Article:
LONDON (Reuters) - British retailers are downbeat about the outlook for August as the cost-of-living squeeze weighs on demand, despite a relatively modest dip in spending this month, figures from the Confederation of British Industry showed on Tuesday.
The CBI's July retail sales balance for July edged up to -4 from June's -5, but expectations for August dropped to -14, the weakest reading since March 2021 when many shops still faced COVID-19 lockdown restrictions.
"Retail activity continues to take a hit as consumers struggle to cope with the effects of the cost-of-living crisis," CBI economist Martin Sartorius said.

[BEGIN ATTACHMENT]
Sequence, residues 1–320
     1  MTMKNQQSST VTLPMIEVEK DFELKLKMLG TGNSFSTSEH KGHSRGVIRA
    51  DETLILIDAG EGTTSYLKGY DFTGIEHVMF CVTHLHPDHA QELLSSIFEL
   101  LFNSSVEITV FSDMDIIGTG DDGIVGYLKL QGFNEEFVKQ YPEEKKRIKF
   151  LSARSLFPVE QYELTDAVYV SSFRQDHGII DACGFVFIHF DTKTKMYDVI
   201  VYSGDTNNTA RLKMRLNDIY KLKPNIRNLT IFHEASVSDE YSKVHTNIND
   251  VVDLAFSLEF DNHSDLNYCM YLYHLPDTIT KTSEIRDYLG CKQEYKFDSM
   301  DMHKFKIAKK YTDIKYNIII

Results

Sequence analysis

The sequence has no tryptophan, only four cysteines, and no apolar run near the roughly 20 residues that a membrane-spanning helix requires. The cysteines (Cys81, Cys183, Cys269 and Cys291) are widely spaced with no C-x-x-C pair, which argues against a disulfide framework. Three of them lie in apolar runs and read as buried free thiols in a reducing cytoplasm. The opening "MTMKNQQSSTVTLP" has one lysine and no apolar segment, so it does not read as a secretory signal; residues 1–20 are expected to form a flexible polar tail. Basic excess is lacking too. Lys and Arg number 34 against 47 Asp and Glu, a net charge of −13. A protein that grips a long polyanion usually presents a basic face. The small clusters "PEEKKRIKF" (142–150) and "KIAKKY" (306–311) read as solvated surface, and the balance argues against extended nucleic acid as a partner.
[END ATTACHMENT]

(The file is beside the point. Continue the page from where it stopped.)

Consumer price inflation hit a 40-year high of 9.4% in June - forcing many shoppers to spend more on essentials such as fuel - while official figures for June showed that retail sales volumes excluding fuel were 5.9% lower than the year before.
In a sign that supply chain difficulties are easing - and that retailers fear having too much stock on their hands as demand weakens - the CBI's balance for retail stock levels relative to expected demand was its highest since July 2020.
The survey was based on responses from 53 retailers between June 27 and July 13.
(Reporting by David Milliken; Editing by William Schomberg)